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The world of code and software has well defined rules and few exceptions.

When, however, we use code to write applications and information systems, we're venturing into the world of humans (who are, after all, the ones who derive value from our applications), which has few, ill-defined rules and a lot of exceptions.

The software world needs fixed rules and few exceptions. The human world, whose interactions define what code needs to be written, is infinitely malleable and any rules have many exceptions.

If you've ever tried to model the day-to-day operations of a modern company into a computer system that's supposed to automate and optimize those processes, you know that this is neither easy nor clean. It's decidedly unpredictable and messy.

Process modeling is a world in and of itself. I'll not dwell too much on the ins and outs of process modelling; I'll focus on practical advice to make your experience in software development run smoother.

Suppose you have modeled everything you need and your system has gone into production. People start using it: creating, reading, updating and deleting data (this is what the CRUD acronym stands for).

But every now and then (or quite frequently if your system is used by a lot of people), strange errors start popping up: users start using your system in ways you hadn't thought of, funny data appears in the database and a decent amount of your time is spent correcting broken functionality rather than implementing new features.

Every now and then, bad data causes errors at runtime which force you to work reactively (fixing bugs) rather than proactively (think about and implementing new features).

Lately I've spotted a recurring pattern when I need to fix something or find out why something that used to work now doesn't. It's generally due to bad data in the database.

And the fix to bad data problems is nearly always implementing more data validation when users enter data into your system.

### What is meant here by bad data?

It's data that's maybe syntactically correct (i.e. there's a date where your system expects a date, or an integer where your system expects an integer) but semantically wrong.

In other words, data that is generally correct, but not for your system.

• Example: Car Inventory System

Suppose you have written a car inventory system for a car dealership in your neighbourhood to keep track of the cars they have in stock.

Such a system would have a Carentity, which would probably have attributes like manufacture_date (the date the car was manufactured) and entry_date (the date the car arrived at the dealership to be sold).

This system would probably have a view called Insert new Car that will prompt user to enter a new car into the system:

Now you have correctly added validators to validate that users only enter valid dates in each of the date inputs and valid strings (not numbers) in each of the text inputs:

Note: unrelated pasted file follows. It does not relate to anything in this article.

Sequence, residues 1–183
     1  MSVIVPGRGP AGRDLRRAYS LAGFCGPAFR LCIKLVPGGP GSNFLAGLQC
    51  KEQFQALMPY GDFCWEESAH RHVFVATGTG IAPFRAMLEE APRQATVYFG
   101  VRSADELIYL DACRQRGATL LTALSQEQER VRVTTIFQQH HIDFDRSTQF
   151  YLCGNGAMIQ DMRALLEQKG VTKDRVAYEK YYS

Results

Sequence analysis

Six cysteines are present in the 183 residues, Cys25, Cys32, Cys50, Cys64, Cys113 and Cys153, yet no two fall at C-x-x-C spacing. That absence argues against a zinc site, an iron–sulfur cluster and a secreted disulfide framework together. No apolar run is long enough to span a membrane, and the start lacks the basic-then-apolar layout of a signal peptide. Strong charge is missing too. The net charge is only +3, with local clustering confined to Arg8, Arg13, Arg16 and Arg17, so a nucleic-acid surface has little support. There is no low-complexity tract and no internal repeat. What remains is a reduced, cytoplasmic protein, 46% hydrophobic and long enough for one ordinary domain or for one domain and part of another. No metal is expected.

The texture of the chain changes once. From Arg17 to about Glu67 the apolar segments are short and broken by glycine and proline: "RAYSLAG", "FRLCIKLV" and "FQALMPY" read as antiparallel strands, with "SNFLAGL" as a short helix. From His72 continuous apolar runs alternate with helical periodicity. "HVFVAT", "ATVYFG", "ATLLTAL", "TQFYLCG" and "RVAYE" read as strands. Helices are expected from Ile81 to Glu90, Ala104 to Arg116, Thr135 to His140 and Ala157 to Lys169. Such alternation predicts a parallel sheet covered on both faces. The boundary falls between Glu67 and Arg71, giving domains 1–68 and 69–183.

Note that your type validation helps but it is nowhere near enough. Note what could happen when users start using your system:

There's much you can do here; your Web Framework probably provides some validators for your out of the box:

Note some changes:

• Autocomplete inputs instead of regular text inputs: this helps prevent spelling mistakes as well as slight variations in names (which cause problems in databases).
• Drop Down lists instead of free-text inputs: this helps avoid spelling mistakes and forces users to choose from a set of preset (unmistakably valid) values.
• Semantic Validators that don't just validate whether data is the right type, but validate that data is semantically correct given you system's context. In the example, both dates are valid but it doesn't make sense to input a purchase_date that is prior to the car's manufacture_date! (A car must be manufactured before it is sold!)

Smite these inconsistencies before they enter your system and grow into something worse! Think runtime errors!

### Always Remember

Don't give any more freedom to users than they absolutely need. Given the slightest opportunity, users will make mistakes and (mostly unwittingly) introduce bad data into your systems!

So validate data as much as you can before it enters your system!

### Afterthought

Think of data validation in web applications like application-level asserts in your code.

I confess I used to be prejudiced against using asserts in my code (they're not very elegant) but I catch myself using them every now and then, in particular when I'm coding something mathy or otherwise related to complex calculations.

As someone whose opinion I respect told me, they're useful for documentation purposes, as they make make clear what expectations you have whenever they appear, helping anyone who may need to study or verify/revise your code later on (or even yourself in a couple of months).

That's aside from the obvious advantage of having code break earlier rather than later (you spot inconsistencies before they cause a runtime error and blow up in the face of your users) - which is an all-around good practice and hard to argument against.